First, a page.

My blog contains a large number of posts. A few are included in various other publications, or as attached stories and chronicles in my emails; many more are found on loose leaves, while some are written carelessly in margins and blank spaces of my notebooks. Of the last sort most are nonsense, now often unintelligible even when legible, or half-remembered fragments. Enjoy responsibly.

Thursday, September 20, 2007

Military Creditability For Sale

Something happened this last week that was both sad and unfortunate. David Petraeus, the four star general and commander of the War in Iraq, testified before the Senate in the hope that he could persuade the public at large that the latest war strategies would soon yield acceptable results. Now the unfortunate part of this event is not that the that current plan still incorrectly assumes that the Iraqi people want the Democracy and will put apart their divide to allow it to flourish, it’s that when the plan ultimately fails the military will take yet another blow to its creditability.

Remember back to April of 2002, when then Secretary of State Colin Powell addressed the UN Security Council about the specific locations and quantities of the Weapons of Mass Destruction? The vast majority of his creditability came not from his position, but from the fact that he was a solider. Though we did not know the specifics of his 30 year military career that spanned from a Second Lieutenant all the way to the Chairman of the Joint Chiefs of Staff, we knew that it was heroic, noble, and done at great personal sacrifice for the country. In time we learned that the things that he were not true. Our belief in him, and in creditability of the military, slipped.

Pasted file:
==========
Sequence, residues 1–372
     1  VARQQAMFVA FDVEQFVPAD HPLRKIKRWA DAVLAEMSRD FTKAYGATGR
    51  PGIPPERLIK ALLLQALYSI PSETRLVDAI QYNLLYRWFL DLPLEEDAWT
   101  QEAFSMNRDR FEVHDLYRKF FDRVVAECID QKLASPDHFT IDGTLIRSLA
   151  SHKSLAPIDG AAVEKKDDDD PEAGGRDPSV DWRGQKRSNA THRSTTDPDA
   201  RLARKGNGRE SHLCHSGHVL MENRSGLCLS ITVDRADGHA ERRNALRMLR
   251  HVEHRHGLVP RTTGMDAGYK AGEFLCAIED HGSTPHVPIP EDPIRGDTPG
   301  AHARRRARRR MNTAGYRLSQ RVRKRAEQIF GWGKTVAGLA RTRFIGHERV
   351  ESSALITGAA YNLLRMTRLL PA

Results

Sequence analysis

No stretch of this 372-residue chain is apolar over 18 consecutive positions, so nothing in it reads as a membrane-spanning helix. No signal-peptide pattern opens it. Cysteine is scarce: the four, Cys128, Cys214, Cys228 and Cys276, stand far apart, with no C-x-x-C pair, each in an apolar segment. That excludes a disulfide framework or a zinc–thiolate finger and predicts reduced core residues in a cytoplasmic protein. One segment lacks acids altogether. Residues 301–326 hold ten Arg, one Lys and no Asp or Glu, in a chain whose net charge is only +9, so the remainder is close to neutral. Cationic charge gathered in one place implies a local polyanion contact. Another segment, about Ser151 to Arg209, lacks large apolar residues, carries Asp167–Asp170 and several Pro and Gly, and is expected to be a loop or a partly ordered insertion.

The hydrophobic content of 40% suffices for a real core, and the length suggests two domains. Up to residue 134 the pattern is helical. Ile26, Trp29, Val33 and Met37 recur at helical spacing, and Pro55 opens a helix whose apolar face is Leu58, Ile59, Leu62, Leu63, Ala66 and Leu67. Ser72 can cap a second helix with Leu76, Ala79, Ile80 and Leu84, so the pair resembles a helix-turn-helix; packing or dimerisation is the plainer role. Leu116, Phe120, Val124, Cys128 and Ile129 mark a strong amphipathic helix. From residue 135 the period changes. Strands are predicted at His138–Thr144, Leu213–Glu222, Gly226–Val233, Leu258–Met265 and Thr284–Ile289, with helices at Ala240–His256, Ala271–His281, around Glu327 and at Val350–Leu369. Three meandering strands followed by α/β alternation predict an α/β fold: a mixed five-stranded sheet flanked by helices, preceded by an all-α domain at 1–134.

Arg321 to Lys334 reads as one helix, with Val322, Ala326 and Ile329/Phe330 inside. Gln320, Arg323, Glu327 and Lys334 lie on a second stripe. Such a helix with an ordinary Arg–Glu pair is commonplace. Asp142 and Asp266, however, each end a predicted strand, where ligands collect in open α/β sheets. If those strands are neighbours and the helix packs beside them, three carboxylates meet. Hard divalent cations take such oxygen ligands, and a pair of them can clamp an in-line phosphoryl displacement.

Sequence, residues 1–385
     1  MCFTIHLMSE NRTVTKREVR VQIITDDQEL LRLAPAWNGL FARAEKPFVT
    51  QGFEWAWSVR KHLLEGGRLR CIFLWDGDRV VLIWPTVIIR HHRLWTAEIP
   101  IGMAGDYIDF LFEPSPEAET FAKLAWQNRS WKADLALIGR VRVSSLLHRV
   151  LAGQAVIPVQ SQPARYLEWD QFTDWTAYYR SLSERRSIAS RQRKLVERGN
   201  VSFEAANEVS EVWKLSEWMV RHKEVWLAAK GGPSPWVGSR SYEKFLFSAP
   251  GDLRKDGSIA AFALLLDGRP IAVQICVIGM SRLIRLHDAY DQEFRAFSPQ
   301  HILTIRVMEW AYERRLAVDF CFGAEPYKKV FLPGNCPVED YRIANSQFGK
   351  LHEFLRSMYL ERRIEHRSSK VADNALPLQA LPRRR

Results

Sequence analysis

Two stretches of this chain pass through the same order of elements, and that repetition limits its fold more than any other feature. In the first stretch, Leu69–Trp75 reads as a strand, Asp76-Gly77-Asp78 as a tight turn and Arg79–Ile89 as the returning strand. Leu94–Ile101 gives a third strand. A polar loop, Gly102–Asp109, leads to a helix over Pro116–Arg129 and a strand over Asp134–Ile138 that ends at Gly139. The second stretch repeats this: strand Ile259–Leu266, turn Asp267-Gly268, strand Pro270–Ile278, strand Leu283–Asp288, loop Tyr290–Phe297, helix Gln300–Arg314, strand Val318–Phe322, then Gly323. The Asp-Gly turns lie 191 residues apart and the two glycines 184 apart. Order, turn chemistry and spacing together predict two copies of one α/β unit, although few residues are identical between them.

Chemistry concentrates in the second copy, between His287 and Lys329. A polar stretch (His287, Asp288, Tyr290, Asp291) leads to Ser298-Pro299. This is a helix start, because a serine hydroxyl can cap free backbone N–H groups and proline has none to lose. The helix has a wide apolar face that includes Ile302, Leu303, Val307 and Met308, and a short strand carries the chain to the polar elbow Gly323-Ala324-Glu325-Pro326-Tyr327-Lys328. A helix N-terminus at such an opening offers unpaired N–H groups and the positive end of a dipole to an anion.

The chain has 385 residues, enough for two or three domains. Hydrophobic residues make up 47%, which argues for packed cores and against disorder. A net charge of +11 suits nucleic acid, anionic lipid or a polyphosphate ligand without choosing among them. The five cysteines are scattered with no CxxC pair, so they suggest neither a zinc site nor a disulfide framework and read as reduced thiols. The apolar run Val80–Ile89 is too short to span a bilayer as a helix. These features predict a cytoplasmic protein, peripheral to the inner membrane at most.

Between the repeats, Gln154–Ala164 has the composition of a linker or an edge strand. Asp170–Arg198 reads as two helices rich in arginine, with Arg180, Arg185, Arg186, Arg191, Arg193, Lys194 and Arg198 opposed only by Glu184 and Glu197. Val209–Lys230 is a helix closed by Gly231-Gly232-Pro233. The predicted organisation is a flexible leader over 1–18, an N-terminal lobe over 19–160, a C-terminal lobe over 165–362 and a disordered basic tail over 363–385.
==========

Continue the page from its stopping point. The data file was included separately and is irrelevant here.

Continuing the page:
Fast forward to the present, as we are still digesting General Petraeus’ testimony and we see that General was put in the same fateful position as the previous Secretary of State: trade himself for the mission. Once a solider always a solider. And just as a solider will throw himself on a grenade to save his unit, the officer will throw himself on a report to save his superiors. This belief in always giving yourself to the call of your country should never be abused by anyone in a higher position. Our soldiers, whether it is a grunt in the field or a four star general, deserve to be treated with the honor and dignity that they deserve.

The United States turns a sad page in our history the day that we cannot look to our enlisted men and women and immediately see them with the assumed creditability that they deserve to have. So in time, when the Iraq War has finally ended and we have a chance to look back on those soldiers who represented the military to the public, we will mourn their loss of their creditability, trust, and honor.

No comments: